If you've been following along with me for a while, you know how I feel about including mechanical ventilation into your home. Mechanical ventilation is a MUST in every home, old or new.
And now we have results from an amazing study that shows WHY mechanical ventilation is so important for our health and longevity.
I'll dive into what I mean by mechanical ventilation and the aforementioned study in this article.
Mechanical Ventilation: What is it?
Good question! In broad terms mechanical ventilation is anything that is venting (removing air) from your house that is run by electricity - something that has a motor. It's not referring to natural ventilation which would include opening doors and windows, or having louvers that open and shut manually.
Mechanical ventilation exists because the air in our homes is not clean. Everything in a home has the potential to create toxins from the finish materials to the furniture to the cleaning and body care products we use, and even from cooking (ESPECIALLY from cooking).
And many homes are so air tight that we aren't getting enough oxygen from outside air. This leaves us breathing in a lot of carbon dioxide.
Mechanical ventilation is also necessary to control moisture and prevent mold.
Are there different types of mechanical ventilation?
Yes! And they aren't all created equal.
The most basic form of mechanical ventilation is probably in your home already. These are exhaust-only systems. You most likely have an exhaust fan in your bathroom and at your kitchen stove. These are code minimum requirements. But they aren't good enough. They aren't taking care of most of the poor air quality in your home.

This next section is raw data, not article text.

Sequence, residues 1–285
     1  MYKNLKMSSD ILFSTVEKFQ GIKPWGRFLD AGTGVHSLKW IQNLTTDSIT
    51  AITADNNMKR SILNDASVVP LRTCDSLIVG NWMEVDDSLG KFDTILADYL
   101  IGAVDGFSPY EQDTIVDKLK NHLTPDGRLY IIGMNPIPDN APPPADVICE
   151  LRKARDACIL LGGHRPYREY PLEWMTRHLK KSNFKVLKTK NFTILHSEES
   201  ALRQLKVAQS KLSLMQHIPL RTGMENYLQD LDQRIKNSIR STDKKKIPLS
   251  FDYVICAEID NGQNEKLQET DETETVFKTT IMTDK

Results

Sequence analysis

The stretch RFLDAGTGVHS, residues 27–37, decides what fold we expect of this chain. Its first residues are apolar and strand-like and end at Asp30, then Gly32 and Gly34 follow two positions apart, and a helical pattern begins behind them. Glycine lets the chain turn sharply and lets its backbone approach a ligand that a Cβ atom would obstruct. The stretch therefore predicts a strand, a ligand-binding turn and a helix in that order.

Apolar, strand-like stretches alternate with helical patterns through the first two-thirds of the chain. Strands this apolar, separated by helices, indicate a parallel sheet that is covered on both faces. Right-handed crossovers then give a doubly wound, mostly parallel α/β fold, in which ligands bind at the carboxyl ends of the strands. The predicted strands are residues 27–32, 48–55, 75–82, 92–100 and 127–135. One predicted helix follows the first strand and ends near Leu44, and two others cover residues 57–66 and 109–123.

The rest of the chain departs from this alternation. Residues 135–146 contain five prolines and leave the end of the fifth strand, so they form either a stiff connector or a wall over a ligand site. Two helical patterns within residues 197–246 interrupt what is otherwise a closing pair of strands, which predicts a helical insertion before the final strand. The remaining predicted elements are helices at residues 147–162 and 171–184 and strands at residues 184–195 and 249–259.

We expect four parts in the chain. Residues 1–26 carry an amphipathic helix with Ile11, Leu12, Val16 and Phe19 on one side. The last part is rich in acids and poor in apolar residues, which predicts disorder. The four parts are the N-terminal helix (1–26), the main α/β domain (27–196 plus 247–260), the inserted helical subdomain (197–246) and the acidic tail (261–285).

To start with, they usually don't get turned on. These systems require you, the occupant, to remember to turn the fans on. Plus, often they're noisy so people don't want to turn them on.
And even if they are used properly whenever someone is cooking or taking a shower, they aren't on all the time. And they are in such specific areas of the house that they are only targeting a small portion of the air in the home.
And finally, an exhaust only system isn't bringing fresh air into your home. You need fresh air for cognitive function. And you need fresh air to balance out the stale air that's being exhausted.
Side note: There are 'whole house' exhaust-only ventilation systems that can be installed to help exhaust all the rooms in the house and that run continuously, but unfortunately these still are not good enough (though they are better than the bathroom/kitchen code-minimum scenario).
And they can actually do harm. The pressure within a house always needs to balanced. So if you have an exhaust fan running constantly in your house, outside air is being sucked into your house to equalize the pressure of the air that's leaving the house. This usually happens through cracks and gaps in the walls, roof and foundation. And it can be dangerous because you're bringing in toxic, unfiltered underground or outdoor air that might be passing through wall cavities with mold or rodent carcasses. (Ick.)
What do you need in your home?
A balanced mechanical ventilation system with a heat recovery unit known as Heat Recovery Ventilators (HRV) or Energy Recovery Ventilators (ERV). The type (ERV vs HRV) that is installed in your home depends on your climate and location.